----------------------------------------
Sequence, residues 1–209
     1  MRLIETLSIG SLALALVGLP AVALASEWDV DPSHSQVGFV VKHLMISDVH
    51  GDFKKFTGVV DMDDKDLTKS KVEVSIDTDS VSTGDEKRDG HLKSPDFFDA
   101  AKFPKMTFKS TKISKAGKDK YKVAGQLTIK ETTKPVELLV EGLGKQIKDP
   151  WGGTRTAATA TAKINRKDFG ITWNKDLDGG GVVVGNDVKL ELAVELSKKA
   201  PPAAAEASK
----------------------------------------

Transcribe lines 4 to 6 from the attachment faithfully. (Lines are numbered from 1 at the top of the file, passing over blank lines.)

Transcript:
   101  AKFPKMTFKS TKISKAGKDK YKVAGQLTIK ETTKPVELLV EGLGKQIKDP
   151  WGGTRTAATA TAKINRKDFG ITWNKDLDGG GVVVGNDVKL ELAVELSKKA
   201  PPAAAEASK